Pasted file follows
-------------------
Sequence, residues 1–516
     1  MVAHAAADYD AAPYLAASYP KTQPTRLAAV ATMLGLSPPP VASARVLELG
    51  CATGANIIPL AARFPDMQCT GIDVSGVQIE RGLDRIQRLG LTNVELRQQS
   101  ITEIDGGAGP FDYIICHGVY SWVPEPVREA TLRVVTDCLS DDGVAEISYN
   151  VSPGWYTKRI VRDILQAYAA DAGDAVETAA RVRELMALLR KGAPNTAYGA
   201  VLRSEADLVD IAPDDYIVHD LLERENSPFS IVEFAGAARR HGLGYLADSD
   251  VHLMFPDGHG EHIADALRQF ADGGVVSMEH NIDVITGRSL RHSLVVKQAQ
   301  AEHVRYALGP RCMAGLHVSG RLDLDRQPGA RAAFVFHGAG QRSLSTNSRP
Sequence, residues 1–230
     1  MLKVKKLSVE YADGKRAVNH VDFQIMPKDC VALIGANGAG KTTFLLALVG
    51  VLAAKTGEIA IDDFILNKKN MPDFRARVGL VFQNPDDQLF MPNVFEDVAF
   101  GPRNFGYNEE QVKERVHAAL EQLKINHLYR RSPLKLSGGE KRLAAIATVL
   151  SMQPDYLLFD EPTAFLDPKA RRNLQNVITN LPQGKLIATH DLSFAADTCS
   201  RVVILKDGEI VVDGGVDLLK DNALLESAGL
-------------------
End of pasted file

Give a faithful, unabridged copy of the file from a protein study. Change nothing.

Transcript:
Sequence, residues 1–516
     1  MVAHAAADYD AAPYLAASYP KTQPTRLAAV ATMLGLSPPP VASARVLELG
    51  CATGANIIPL AARFPDMQCT GIDVSGVQIE RGLDRIQRLG LTNVELRQQS
   101  ITEIDGGAGP FDYIICHGVY SWVPEPVREA TLRVVTDCLS DDGVAEISYN
   151  VSPGWYTKRI VRDILQAYAA DAGDAVETAA RVRELMALLR KGAPNTAYGA
   201  VLRSEADLVD IAPDDYIVHD LLERENSPFS IVEFAGAARR HGLGYLADSD
   251  VHLMFPDGHG EHIADALRQF ADGGVVSMEH NIDVITGRSL RHSLVVKQAQ
   301  AEHVRYALGP RCMAGLHVSG RLDLDRQPGA RAAFVFHGAG QRSLSTNSRP
Sequence, residues 1–230
     1  MLKVKKLSVE YADGKRAVNH VDFQIMPKDC VALIGANGAG KTTFLLALVG
    51  VLAAKTGEIA IDDFILNKKN MPDFRARVGL VFQNPDDQLF MPNVFEDVAF
   101  GPRNFGYNEE QVKERVHAAL EQLKINHLYR RSPLKLSGGE KRLAAIATVL
   151  SMQPDYLLFD EPTAFLDPKA RRNLQNVITN LPQGKLIATH DLSFAADTCS
   201  RVVILKDGEI VVDGGVDLLK DNALLESAGL